COINS OF KING VIJAYABAHU I[1055-1110]

His name during his boyhood was Kitti,at the age of thirteen he was full of wisdom and valour and possessed great skill as an archer, he dealt in the village of Mulasala, at fifteen he took the title of Adipada[ Governor] at sixteen he attacked  and killed Kesadhatu who held Rohana for six months, and at seventeen he freed the Rohana from enemies. Thereafter he assumed the title of Vijaya Bahu, and in the fifteenth year of his reign as a ruler of Rohana, that is to say in his thirty third year of his age, he completed the conquest of  the Cholas and entered Anuradhapura”= Mahavansa.

The Gold,Silver and Copper Coins are perhaps, the first coin with the name of a Sinhala king’s coin on them. Many of the earlier coins don’t mention the name of the King, however coins of Devanampiyatissa and Mahasen has been identified by Numismatists.[ Read Blogs- King Devenampitiss’s coin.-sirimunasiha.wordpress and King Mahasens Coin.sirimunasiha.wordpress.]
He was able to free the Island from the Cholian Kings and ruled 37 years, he married a Sri-vijayan princess who was his second Meheshi from Kalainga. His sister named Mitta married a Pandya Prince. He restored most of the ancient irrigation work and rebuilt the monasteries and built the temple of the tooth at Pollonnaruva.

Atadage- Housed the Tooth relic and the Arms Bowl of the Buddha.

King Vijayabahu I coins from the cabinet of Mr Ruvan Fonseka;Coin numbers 1-4, the first row in the obverse and the second row is the reverse. The rows three and four, the top is the obverse and bottom the reverse. The last coin is a Type III  Kalanda of Gold.

Coin No 1.   Silver washed

Silver Washed Vijeyabahu Coin

Obv. Standing figure on lotus stalk with the Sanka or Chank on left and the Flower on right. Four Golas with Sun symbol as in Type III. Left hand hold a flower. Under right hand in the Srivatsa. A trace of lamp between hand and bead circle.

Rev: Seated figure hovers over an Asana and hold a Sanka in front of face., letters Sri Vi je bahu to left.

An Intaglio Seated Figure on a throne- Similar to Seated figure on Coin-Henry Parker.

Diameter=

Weight= 54 grains

Coin No 2.   Debased  5.4 Carat Gold.

Vijeyabahu I Coin No 2

Obv. Standing figure on lotus stalk with the Sanka or Chank on left and the Flower on right. Four Golas with Sun symbol as in Type III. Left hand hold a flower. Under right hand in the Srivatsa. A trace of lamp between hand and bead circle.

Rev: Seated figure hovers over an Asana of 3 compartments and hold a Sanka in front of face., letters Sri Vi je bahu to left.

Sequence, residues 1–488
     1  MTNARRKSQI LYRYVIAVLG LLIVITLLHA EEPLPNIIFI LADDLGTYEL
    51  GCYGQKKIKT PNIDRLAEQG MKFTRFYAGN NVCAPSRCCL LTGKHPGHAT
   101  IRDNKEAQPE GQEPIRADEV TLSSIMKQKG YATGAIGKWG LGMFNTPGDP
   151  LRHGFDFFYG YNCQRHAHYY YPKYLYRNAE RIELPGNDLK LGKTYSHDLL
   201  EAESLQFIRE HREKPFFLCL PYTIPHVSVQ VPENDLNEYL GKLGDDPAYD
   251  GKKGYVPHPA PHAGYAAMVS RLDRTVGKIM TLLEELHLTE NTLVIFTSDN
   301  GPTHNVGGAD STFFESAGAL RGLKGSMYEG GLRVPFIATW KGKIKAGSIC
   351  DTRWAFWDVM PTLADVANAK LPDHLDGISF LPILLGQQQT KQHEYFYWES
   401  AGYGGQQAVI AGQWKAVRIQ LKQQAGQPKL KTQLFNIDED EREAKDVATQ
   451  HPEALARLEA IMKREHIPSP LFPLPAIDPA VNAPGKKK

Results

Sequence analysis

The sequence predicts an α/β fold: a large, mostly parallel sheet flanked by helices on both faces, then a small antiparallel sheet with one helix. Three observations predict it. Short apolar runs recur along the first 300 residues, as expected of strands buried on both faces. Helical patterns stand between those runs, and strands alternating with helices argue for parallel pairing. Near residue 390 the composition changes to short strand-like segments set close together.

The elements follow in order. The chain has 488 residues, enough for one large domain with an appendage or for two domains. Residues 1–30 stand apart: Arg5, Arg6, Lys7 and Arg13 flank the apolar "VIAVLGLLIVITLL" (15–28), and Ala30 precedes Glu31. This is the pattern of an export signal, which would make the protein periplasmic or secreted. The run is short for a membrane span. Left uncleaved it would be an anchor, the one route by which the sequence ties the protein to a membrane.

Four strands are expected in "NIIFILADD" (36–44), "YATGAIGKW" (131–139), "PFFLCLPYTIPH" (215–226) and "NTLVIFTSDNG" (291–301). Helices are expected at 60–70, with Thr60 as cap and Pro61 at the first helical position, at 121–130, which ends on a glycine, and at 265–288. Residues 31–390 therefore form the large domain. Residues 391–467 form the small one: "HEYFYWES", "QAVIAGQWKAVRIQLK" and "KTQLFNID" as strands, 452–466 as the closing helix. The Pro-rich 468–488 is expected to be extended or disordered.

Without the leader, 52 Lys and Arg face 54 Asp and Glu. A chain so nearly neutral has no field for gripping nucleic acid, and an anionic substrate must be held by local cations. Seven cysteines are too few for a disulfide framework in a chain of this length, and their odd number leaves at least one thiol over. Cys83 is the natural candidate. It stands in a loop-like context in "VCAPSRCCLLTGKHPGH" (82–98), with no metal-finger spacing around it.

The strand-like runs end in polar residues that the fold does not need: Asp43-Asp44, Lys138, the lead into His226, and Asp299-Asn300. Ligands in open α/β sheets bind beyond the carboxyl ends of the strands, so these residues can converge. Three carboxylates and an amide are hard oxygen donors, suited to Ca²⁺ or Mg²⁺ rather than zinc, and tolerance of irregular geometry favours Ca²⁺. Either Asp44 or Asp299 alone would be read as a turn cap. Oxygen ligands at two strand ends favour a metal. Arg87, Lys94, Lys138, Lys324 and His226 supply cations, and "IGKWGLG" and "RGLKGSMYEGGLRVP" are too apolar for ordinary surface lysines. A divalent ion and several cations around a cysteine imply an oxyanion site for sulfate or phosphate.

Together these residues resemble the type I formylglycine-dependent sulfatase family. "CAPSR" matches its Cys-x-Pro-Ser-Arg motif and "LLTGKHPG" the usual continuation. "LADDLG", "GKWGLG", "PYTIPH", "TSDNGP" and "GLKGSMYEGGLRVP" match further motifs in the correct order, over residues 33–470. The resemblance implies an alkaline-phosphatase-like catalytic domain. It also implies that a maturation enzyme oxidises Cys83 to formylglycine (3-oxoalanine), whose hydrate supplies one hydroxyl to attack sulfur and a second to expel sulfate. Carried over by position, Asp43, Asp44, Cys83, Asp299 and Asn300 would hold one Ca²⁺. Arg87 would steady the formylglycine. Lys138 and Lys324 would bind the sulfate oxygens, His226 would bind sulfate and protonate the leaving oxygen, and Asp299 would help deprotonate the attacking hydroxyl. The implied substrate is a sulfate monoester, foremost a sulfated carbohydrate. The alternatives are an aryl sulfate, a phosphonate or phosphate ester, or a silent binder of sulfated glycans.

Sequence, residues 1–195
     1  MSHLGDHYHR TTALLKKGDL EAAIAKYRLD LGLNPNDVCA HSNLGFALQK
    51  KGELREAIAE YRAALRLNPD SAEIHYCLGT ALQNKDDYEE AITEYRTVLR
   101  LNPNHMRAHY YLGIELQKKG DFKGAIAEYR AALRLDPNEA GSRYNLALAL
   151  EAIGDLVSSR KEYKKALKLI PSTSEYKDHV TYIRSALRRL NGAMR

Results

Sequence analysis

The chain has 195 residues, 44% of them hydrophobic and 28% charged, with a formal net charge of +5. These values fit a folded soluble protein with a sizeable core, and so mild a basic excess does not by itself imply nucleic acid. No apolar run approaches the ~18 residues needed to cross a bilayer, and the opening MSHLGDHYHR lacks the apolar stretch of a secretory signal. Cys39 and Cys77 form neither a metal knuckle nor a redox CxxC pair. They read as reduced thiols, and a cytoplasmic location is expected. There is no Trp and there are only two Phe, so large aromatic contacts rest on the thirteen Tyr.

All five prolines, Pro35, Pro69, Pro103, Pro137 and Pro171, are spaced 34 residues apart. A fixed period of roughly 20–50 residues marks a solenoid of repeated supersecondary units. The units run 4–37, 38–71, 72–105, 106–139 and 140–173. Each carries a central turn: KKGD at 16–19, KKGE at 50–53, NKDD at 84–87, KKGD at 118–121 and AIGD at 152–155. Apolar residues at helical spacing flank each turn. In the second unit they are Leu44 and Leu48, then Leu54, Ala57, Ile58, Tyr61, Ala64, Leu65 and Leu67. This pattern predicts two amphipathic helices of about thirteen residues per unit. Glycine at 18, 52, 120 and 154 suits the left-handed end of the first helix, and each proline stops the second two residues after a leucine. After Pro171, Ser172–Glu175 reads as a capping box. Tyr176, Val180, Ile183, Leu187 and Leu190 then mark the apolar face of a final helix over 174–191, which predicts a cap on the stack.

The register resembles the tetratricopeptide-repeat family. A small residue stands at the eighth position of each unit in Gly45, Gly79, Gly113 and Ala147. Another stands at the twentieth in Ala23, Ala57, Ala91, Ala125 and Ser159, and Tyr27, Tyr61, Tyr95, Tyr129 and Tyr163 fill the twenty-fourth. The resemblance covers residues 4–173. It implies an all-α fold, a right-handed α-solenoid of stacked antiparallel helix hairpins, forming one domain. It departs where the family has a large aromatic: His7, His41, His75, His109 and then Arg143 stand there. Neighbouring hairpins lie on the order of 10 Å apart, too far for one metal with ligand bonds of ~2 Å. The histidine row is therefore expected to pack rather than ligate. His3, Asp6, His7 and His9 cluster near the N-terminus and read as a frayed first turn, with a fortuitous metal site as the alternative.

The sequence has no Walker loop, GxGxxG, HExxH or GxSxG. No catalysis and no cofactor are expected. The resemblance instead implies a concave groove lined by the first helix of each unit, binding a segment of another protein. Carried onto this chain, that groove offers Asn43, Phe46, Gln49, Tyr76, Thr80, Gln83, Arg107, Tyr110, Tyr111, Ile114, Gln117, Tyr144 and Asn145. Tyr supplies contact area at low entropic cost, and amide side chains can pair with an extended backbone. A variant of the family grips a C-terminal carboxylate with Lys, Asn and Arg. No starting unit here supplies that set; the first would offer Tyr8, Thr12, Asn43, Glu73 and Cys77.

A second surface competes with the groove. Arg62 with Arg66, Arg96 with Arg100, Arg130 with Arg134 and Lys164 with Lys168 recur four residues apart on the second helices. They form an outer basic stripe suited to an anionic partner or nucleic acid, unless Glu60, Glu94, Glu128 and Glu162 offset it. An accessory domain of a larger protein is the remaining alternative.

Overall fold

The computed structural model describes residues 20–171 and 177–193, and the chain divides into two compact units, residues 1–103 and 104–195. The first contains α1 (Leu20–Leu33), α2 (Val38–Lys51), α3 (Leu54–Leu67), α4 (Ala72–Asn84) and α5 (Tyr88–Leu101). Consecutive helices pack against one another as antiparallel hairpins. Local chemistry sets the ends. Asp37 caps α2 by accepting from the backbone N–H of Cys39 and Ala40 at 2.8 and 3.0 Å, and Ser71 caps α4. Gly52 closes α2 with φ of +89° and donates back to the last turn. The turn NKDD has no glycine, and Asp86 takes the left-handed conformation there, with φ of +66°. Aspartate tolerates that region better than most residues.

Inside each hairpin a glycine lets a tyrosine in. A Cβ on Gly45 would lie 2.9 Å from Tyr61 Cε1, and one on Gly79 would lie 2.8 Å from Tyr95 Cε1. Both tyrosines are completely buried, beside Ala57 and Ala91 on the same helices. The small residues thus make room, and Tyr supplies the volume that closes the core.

Diameter=

Weight = 66 grains

Coin No 3.    Debased 3.4 carat Gold.

Vijeyabahu I Coin No 3

Obv. Standing figure on lotus stalk with the Sanka or Chank on left and the Flower on right. Four Golas with Sun symbol as in Type III. Left hand hold a flower. Under right hand in the Srivatsa. A trace of lamp between hand and bead circle.

Rev: Seated figure hovers over an Asana and hold a Sanka in front of face., letters Sri Vi je bahu to left.

Diameter=

Weight=66 grains

Coin No 4.   Debased 5.2 carat Gold.

ijeyabahu I Coin No4

Obv. Standing figure on lotus stalk with the Sanka or Chank on left and the Flower on right. Four Golas with Sun symbol as in Type III. Left hand hold a flower. Under right hand in the Srivatsa. A trace of lamp between hand and bead circle.

Rev: Seated figure hovers over an Asana and hold a Sanka in front of face., letters Sri Vi je bahu to left.

Diameter=

Weight= 66grains

Coin No 5.   Debased  2.9 carat gold

ijeyabahu I Coin No 5

Obv. Standing figure on lotus stalk with the Sanka or Chank on left and the Flower on right. Four Golas with Sun symbol as in Type III. Left hand hold a flower. Under right hand in the Srivatsa. A trace of lamp between hand and bead circle.

Rev: Seated figure hovers over an Asana and hold a Sanka in front of face., letters Sri Vi je bahu to left.

Diamter= 21mm

Weight= 66 grains

Coin No 6. Debased Gold 3.5  carat

Vijeyabahu I Coin No 6

Obv. Standing figure on lotus stalk with the Sanka or Chank on left and the Flower on right. Four Golas with Sun symbol as in Type III. Left hand hold a flower. Under right hand in the Srivatsa. A trace of lamp between hand and bead circle.

Rev: Seated figure hovers over an Asana and hold a Sanka in front of face., letters Sri Vi je bahu to left.This the letters Vi and Yais different

The Legend on coin No 6

Diameter= 23 mm

Weight=65 grains

Coin No 7. Debased Gold 2.9  carat

Vijeyabahu I Coin No 7